Couple all of this with that I'm humbled that I have met some genuinely great Bayala cousins that bring smiles to my face because they accepted me with open arms and with zero doubt that I was family. I also have Bayala cousins that never got to meet their dads and were concerned of being rejected by family. Speaking to them I assured them that that would not be the case. They too have reached out to me and advise me not to stop as I made it possible for them to connect with family.

I then have my Betancourt and Aleman cousins sending me private messages and thanking me because I made them feel like we were all family. I keep this in mind when I think of all the negative aspects that have transpired. I get it that not all family will be perfect and those on my Facebook account know about the bad seeds that we have encountered along the way. In truth, there are bad seeds in all families and they are not just unique to me or you. Unfortunately, I just keep finding them because they take advantage of someone offering them free help.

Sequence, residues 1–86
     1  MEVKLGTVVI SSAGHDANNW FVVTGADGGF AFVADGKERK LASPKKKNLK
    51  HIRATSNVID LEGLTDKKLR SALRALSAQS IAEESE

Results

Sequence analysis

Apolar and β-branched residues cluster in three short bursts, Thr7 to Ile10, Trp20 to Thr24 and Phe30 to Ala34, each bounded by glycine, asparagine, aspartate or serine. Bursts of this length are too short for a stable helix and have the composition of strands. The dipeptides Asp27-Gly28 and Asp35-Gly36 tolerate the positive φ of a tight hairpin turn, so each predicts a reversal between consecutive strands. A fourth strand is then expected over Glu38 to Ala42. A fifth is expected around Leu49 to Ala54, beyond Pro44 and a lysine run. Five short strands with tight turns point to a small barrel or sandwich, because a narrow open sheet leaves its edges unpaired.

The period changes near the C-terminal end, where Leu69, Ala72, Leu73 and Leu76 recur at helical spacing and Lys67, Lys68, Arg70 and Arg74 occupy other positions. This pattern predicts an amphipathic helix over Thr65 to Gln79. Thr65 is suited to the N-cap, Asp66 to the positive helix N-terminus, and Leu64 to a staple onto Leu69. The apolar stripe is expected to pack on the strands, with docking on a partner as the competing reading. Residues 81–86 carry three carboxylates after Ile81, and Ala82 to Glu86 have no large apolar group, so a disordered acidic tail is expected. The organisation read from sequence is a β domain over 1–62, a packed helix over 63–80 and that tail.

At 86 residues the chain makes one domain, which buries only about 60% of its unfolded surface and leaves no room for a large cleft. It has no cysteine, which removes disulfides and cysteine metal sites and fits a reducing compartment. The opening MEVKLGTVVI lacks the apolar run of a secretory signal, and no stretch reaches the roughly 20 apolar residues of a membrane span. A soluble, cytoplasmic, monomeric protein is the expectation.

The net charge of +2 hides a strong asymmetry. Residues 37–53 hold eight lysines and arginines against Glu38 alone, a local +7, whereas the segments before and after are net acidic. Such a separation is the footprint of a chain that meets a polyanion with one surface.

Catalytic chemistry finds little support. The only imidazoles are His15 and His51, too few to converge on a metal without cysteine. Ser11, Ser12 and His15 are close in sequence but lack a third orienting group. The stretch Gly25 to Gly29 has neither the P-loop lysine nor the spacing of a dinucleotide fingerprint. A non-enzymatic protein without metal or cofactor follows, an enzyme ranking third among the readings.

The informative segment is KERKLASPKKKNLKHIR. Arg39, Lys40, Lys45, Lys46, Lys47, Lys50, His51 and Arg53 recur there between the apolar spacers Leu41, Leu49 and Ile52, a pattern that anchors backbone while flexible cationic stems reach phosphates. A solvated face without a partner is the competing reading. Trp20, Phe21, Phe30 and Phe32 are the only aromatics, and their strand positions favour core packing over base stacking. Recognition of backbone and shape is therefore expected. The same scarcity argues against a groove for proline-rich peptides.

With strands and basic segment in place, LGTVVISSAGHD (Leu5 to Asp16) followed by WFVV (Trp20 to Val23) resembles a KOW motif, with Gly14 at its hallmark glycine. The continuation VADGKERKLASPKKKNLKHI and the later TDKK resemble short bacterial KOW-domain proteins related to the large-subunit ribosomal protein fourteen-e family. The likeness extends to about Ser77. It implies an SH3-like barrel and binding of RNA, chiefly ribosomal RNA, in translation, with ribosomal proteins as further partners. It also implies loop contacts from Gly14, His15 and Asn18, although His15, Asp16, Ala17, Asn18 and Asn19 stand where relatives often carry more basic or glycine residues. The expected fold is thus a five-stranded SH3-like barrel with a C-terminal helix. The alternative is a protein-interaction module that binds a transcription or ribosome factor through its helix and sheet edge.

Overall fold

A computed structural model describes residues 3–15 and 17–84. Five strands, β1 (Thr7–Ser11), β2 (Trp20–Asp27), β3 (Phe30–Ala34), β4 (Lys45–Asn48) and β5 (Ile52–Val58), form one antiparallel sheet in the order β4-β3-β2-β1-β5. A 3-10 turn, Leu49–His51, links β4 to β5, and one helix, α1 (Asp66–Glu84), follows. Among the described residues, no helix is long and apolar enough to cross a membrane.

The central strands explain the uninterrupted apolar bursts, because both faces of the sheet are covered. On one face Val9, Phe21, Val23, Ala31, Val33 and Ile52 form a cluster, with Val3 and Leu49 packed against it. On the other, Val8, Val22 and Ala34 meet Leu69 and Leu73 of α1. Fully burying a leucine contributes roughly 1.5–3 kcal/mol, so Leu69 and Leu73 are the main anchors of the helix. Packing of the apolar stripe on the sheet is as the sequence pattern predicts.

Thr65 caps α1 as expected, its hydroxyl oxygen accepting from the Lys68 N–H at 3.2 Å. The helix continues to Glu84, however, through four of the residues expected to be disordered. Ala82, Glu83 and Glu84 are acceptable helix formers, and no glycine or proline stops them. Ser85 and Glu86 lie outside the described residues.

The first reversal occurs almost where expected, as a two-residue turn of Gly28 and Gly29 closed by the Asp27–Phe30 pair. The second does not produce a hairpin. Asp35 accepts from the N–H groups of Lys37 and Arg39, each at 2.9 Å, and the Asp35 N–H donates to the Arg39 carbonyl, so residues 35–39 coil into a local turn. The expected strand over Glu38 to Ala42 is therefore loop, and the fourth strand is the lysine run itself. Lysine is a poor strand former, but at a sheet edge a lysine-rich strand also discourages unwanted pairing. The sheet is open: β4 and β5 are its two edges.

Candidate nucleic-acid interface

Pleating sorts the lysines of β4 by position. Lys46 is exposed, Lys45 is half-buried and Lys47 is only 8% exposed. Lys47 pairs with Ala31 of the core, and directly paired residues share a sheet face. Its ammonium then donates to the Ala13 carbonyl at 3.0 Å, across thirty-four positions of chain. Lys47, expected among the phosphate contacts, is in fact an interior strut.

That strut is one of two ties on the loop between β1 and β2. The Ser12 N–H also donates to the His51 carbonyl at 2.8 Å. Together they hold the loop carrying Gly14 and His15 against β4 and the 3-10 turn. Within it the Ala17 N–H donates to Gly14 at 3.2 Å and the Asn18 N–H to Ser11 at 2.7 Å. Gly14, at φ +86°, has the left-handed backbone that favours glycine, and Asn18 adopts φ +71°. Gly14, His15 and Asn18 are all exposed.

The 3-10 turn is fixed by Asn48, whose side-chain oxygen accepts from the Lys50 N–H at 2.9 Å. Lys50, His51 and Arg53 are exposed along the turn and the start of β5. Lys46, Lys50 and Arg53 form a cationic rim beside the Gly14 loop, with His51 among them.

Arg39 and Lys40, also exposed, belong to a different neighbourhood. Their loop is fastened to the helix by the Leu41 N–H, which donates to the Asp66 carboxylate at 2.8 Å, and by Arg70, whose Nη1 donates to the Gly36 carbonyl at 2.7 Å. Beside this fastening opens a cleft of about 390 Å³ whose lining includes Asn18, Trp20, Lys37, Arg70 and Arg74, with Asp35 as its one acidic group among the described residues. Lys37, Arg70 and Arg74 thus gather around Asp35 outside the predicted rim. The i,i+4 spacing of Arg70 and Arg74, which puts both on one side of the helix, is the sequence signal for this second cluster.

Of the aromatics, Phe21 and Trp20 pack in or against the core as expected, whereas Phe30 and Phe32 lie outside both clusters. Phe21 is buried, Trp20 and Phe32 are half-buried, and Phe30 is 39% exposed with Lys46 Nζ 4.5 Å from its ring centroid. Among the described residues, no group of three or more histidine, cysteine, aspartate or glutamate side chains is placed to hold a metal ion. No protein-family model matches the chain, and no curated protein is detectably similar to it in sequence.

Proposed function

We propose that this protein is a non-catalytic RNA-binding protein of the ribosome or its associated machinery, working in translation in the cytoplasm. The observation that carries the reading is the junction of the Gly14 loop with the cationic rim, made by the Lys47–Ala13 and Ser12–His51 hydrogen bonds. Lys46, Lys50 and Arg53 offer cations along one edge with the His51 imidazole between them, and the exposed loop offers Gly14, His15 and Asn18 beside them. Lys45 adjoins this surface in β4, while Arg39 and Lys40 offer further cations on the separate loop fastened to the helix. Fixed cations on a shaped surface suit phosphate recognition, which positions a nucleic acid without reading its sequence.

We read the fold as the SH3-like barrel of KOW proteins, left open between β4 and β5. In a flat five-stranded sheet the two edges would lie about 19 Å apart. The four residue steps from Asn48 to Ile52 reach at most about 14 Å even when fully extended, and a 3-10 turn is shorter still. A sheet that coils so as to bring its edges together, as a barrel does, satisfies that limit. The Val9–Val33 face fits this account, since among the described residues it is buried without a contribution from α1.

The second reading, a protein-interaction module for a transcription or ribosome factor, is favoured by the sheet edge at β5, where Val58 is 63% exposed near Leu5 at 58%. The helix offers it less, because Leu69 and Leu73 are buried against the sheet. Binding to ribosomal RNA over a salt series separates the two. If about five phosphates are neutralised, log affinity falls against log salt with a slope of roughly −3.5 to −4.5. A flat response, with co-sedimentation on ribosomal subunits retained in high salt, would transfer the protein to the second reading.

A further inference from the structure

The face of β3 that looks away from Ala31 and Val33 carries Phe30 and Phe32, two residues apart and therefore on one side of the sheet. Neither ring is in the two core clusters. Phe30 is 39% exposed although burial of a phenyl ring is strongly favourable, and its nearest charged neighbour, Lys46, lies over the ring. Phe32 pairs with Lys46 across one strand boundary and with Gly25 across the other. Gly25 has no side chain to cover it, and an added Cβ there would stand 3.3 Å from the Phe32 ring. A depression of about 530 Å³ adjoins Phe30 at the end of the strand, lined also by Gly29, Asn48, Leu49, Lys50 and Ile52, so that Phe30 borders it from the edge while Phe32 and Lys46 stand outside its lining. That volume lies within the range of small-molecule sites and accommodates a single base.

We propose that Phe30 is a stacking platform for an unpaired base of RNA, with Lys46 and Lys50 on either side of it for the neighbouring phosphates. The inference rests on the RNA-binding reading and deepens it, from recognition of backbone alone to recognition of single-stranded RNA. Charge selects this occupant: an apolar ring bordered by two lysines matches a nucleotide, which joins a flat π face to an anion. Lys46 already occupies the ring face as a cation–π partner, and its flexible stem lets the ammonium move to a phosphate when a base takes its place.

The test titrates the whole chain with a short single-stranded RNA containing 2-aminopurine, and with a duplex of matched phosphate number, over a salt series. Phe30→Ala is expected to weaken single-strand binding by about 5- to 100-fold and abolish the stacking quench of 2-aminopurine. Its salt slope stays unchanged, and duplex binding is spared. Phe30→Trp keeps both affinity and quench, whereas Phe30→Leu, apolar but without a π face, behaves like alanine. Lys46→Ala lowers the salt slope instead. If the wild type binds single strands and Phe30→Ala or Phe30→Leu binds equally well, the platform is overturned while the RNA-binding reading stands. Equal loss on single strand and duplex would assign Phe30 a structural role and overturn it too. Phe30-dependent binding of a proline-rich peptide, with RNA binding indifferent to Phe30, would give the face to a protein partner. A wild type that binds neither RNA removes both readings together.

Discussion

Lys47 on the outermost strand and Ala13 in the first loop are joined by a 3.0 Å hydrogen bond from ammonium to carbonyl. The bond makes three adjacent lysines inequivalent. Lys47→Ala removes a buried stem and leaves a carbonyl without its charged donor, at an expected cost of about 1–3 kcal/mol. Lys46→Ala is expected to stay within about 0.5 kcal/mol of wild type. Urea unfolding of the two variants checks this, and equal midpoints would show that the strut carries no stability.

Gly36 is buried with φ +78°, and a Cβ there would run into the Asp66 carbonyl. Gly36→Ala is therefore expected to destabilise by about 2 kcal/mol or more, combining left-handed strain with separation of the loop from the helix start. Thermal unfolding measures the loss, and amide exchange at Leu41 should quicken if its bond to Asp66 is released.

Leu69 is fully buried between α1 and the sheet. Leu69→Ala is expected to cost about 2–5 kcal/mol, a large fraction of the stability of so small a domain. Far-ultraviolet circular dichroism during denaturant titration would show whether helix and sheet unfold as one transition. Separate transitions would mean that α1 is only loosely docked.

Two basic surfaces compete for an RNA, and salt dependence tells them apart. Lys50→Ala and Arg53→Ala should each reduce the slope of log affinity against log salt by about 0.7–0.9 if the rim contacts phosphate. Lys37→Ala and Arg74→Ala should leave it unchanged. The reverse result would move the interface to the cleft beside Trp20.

Taking advantage was quite apparent after me dealing with a selfish cousin a month ago. He, of course, has since deleted his Facebook account and his DNA kit. I believe that many family members pounced on him over his behavior. He isn't the only one of course, but he was the last straw that broke the camel's back of me helping.

Let's not forget the many friends that I've known since childhood, genealogists that have known me over the years, and friends from recent years have come "knocking" to let me know that I should not let individuals change who I am. In truth, am I angry at people for their selfish self-centered ways? ABSOLUTELY!